By Alexis Eastman
In Frank McCourt’s infamous autobiography turned bio-pic Angela's Ashes, the titular Angela is forced to offer her body to a repugnant relative in exchange for the scraps of his fish & chips; dinner for the 12 year old Frankie McCourt and his younger brothers. Frankie sits at the filthy table and licks the greasy newspaper clean listening to the audible rhythm of his mother’s sexual sacrifice happening just up the stairs. Of all the horrors young Frankie faces in front of the camera, including the death of his twin brothers, this sits the heaviest on his malnourished shoulders, worse even than the humiliation of the school shoes repaired with old tires. It occurs to him then, for the first time, that his life has always come at this cost.
Like Frankie, Room’s young Jack, lives his entire life under a similar contract- the sacrifice of his mother, Joy, in exchange for his protection. And like Angela, Joy bears the cost of her son’s safety not only mentally but physically; her teeth rotting out of her mouth and her broken bones left painfully untreated.
Also like Angela, Joy is a villain. They are sympathetic, empathetic even, but villains nonetheless. Why didn’t Angela just leave the alcoholic Malachy McCourt Sr. who spent all the dole money on pints? To Frankie, it was her who kept him there, who kept creating more mouths to feed and who kept failing to feed those mouths.
Joy is a villain to her mother- who accuses her of being insensitive to the devastation she felt at Joy’s abduction. How could Joy be so dismissive of her pain?
Joy is a villain to the interviewer sitting across from her in her Mother’s living room asking why she didn’t just entrust her freshly born son to his so-called father? Apparently it's journalistically irrelevant that Jack’s father - un-affectionately referred to as Ol’ Nick - abducted Joy when she was 17 and kept her trapped in a single room shed as a sex slave for over 7 years, the first two of which - before Jack - were spent entirely alone.
Joy is a villain to Jack when she shatters his world view - finally telling him that the world doesn’t stop with Room, that in fact there is a Whole World outside which is big enough to hold trees and dogs and grandparents. Why can’t he go back to being 4 and too small to hear these painful truths? Why can’t he have a different story?
Ol’ Nick isn’t Real to Joy’s Mom, to the interviewer or even to Jack (who is always locked in Wardrobe when he is around) so his complicity in Jack and Joy’s suffering is lost in the swirling mental mess of trauma. But Joy is Real to them and so are the unspoken violations she suffered. Pity has a way of turning to hate - so when Mom, the interviewer, and the audience look at Jack it evokes empathy and hope for a future; but when they look at Joy they only see how far she is from who she was, a monument to the exact opposite of hope: reality. Joy feels the weighty guilt of being Patient Zero to the Newsome Family Trauma, and her suicide attempt-as-apology renders her even less sympathetic than before – how could she be so selfish and leave Jack all alone?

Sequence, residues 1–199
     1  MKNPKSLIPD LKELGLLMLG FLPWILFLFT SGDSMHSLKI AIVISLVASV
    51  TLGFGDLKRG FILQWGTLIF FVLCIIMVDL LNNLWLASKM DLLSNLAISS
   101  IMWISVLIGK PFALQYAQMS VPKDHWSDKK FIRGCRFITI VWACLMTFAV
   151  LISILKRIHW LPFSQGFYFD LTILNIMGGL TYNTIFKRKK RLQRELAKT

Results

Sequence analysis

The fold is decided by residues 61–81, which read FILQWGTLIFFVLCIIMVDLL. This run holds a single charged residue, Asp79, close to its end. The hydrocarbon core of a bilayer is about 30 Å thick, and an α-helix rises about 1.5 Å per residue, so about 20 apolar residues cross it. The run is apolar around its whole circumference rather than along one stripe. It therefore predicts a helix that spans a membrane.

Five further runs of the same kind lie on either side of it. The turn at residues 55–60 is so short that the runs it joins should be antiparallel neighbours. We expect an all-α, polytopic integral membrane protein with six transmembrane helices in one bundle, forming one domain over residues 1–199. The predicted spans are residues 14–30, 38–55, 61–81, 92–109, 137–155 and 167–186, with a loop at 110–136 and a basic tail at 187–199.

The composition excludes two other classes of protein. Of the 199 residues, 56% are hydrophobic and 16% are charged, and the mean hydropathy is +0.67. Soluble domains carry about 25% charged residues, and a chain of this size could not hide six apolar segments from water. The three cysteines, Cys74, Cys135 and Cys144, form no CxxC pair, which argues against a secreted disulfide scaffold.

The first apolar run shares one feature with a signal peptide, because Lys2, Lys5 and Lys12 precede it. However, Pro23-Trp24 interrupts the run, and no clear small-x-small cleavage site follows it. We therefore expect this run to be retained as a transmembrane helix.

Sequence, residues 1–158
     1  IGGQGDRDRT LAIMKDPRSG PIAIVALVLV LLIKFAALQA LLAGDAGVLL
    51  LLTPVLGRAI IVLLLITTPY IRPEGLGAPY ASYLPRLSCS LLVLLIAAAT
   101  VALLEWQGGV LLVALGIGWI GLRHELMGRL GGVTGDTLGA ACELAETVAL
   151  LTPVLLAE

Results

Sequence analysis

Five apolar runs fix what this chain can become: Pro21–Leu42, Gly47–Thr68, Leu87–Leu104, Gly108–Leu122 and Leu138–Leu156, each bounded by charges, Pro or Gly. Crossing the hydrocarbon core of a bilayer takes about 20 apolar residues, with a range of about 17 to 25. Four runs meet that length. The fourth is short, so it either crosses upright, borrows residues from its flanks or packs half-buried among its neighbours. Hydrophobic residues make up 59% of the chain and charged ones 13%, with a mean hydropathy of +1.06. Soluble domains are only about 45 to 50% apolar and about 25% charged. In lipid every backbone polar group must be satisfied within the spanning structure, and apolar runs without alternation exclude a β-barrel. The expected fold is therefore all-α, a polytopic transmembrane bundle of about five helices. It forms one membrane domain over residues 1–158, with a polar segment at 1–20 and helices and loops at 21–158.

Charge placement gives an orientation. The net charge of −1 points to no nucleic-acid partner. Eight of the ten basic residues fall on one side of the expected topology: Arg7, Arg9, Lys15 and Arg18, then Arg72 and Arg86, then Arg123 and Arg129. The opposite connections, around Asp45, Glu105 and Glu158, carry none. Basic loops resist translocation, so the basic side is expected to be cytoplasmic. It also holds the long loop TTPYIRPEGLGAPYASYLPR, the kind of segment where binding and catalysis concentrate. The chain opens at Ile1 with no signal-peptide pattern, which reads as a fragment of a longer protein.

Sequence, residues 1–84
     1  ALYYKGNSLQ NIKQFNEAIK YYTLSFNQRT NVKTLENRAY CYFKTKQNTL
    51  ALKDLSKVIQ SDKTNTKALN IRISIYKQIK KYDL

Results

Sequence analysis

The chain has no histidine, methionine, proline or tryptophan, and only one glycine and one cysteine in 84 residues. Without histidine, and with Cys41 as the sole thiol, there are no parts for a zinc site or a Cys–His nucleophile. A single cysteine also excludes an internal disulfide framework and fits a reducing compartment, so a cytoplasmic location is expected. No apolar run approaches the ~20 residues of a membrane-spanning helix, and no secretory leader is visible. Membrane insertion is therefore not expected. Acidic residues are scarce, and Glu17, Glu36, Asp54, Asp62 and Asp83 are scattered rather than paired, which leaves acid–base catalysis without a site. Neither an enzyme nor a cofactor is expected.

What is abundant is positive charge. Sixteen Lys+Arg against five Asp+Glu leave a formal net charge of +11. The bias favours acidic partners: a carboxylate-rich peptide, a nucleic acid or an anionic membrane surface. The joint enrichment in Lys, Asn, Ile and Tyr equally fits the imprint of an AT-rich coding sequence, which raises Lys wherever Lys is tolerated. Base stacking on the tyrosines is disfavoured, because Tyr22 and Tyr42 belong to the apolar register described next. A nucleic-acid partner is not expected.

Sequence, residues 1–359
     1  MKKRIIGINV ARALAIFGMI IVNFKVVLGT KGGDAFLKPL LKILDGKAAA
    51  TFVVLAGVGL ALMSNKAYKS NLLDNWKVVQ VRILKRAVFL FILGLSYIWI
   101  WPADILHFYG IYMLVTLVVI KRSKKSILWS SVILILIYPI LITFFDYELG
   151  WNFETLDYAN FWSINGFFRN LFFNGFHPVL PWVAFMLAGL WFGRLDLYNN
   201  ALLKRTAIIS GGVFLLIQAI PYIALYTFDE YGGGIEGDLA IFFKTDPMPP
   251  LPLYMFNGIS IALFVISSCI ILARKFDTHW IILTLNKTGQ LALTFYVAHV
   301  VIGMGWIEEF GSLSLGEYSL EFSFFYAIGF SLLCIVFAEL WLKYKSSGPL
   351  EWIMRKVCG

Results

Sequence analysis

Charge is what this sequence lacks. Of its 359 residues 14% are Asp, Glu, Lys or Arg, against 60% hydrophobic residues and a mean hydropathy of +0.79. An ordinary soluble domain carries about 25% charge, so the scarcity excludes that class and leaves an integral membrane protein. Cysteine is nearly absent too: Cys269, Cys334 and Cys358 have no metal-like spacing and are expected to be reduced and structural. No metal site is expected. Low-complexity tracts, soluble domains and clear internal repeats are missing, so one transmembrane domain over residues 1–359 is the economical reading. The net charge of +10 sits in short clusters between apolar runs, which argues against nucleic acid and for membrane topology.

One must suppose that the empathy for women like Joy and Angela exists in different movies - movies that tell the stories from before their children, movies that explain how they came into the situations we have come to know and judge.
Emma Donoghue, the author of the screenplay and the novel on which it is based, seems to have taken an adventure in alternative narrators and unwittingly revealed the tiny bean in each of us that secretly hates our parents for making us to exist at all. Room is the horror movie of that parental responsibility which forces you to watch both mother and son pay the mental, emotional and physical cost of having been son and mother to each other. Each of them is forced to sacrifice themselves for the other, each of them takes out their pain on one another. Sometimes that pain gets to be too much and Joy has what her and Jack call 'Gone Days' - days spent unable to rise from bed, staring at the wall, and leaving Jack on his own to make finger-shadow wolves. One imagines her mind tumbling with her love for Jack and the feeling that just as her parents are responsible, in a way, for everything that lead her here, she is responsible for the pain that Room and life cause Jack.
But unlike Frankie, who escaped to America still tangled in the love and hate for Angela, Jack isn’t tangled. Spending the first 5 years of his life in a single Room taught him acceptance. Just like he accepted himself, and the reality of Room, Skylight and Sunday Treats, he accepted Joy, Gone Days and all.
When Joy returns from her post-suicidal hospitalization she breaks down and apologizes to Jack, the confusion of her hate for Ol’ Nick and her parents, and love for her own child swirling in her head. “I’m a shit, Ma,” she sputters. But Jack isn’t phased. Room was enough - after all, it went all the way to the end - so Ma is enough too. He replies without hesitation “But you’re Ma.” And that’s just it.